New research announced today Journal of Archeaological Science Reports Archaeologists will find out how to determine when the Romans used the pot as a portable toilet. This is known as a chamber pot.
“This type of conical pot was very widely recognized in the Roman Empire and was often referred to as a storage bottle in the absence of other evidence. They were found in or near public toilets. Could have been used as a chamber pot, but so far lacked evidence, “says Roger Wilson, a professor of the UBC’s Faculty of Classics. theology The person who directs the Gerace archeology project in Sicily where the pot was found.
Archaeologists at the University of Cambridge have analyzed the unfriendly material formed on the inside of ceramic pots dating back to the 5th century from Roman villas in Sicily.Identify using a microscope Intestinal parasiteA team at the Institute of Ancient Parasites identified whipworm eggs and confirmed that the container once contained human dung.
“It was very exciting to discover these parasite eggs 1500 years after they were deposited,” said Tianyi Wang, co-author of the University of Cambridge, who participated in the microscopic study.
Whipworm is a human parasite that is about 5 centimeters long and inhabits the inner wall of the intestine. The eggs they lay mix with human feces and are placed in the pot during use. With repeated use, minerals in urine and feces accumulated in layers on the inner surface of the pot, forming stones.
“We found that parasite eggs were trapped in a layer of minerals formed on the surface of the pot and preserved them for centuries,” also co-author of the Cambridge team. Sophie Rabino says.
This is the first time a parasite egg has been identified from a stone in a Roman pottery container, confirming that the Gerace pot must have been used to contain human feces.
Gerace toilet bowl measurements (height 31.8 cm, edge diameter 34 cm) indicate that it could have been used to sit, but in combination with a wicker or wooden chair underneath the toilet bowl. It is likely that it was used. It has been set.
Pottery is one of the most common forms of relics recovered from Roman ruins. This technology provides an important tool that allows researchers to identify pots with the special purpose of being chamber pots and distinguish them from those used as storage bottles for food and other materials. (Although the alternative use of such vessels is occasionally documented).
“The findings show that parasite analysis can provide important clues to ceramic research,” says Rabinou.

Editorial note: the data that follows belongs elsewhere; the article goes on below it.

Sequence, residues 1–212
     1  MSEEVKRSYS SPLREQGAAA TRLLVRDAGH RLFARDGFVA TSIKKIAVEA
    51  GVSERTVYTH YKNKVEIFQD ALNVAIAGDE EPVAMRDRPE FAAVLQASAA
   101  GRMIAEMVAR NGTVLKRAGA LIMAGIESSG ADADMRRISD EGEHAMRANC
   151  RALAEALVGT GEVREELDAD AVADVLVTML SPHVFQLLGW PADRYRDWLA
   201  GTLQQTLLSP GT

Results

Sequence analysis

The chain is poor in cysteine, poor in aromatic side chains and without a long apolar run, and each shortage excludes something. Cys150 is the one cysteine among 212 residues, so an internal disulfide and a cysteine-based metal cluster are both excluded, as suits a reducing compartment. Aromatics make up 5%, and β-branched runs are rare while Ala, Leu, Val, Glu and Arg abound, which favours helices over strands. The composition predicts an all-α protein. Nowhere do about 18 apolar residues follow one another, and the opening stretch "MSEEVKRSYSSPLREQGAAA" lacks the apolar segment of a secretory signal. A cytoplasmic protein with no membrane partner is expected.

This technique works only if at least one person who uses the toilet bowl is infected with an intestinal parasite. Where such parasites are endemic in developing countries today, more than half of people are infected with at least one type of intestinal parasite. If the Romans are commonly infected, this approach is more likely to identify most such vessels as toilet bowls if the covered sediments are preserved.
Pears Mitchell, Parasite The expert who led the research in the laboratory said, “This pottery came from the bathroom of a Roman villa. People who go to the bath used this pottery as a bath when they wanted to go to the toilet. It seems. They didn’t have their own bathroom. Obviously, convenience was important to them. “
Mitchell said, “Where it is known that the Roman vases of the museum have these mineralized concrete in the base, I to see if they were also used as chamber vases. We are now able to sample using our technology. “
Identification of intestinal parasite eggs Chamber Pots have the potential to provide a better understanding of people’s hygiene, diet and intestinal health in the past.
Identifying ancient toilet bowls using parasite analysis: 5th century AD example of Gerace, Sicily, Italy Journal of Archaeological Science Report, DOI: 10.1016 / j.jasrep.2022.103349
University of Cambridge
Quote: Https: //phys.org/news/2022-02-portable-toilets-ancient-roman-world.html Portable of the Ancient Roman World (February 10, 2022) acquired on February 10, 2022 Identifying toilets
This document is subject to copyright. No part may be reproduced without written permission, except for fair transactions for personal investigation or research purposes. Content is provided for informational purposes only.
Identify portable toilets in the ancient Roman world
Source link Identify portable toilets in the ancient Roman world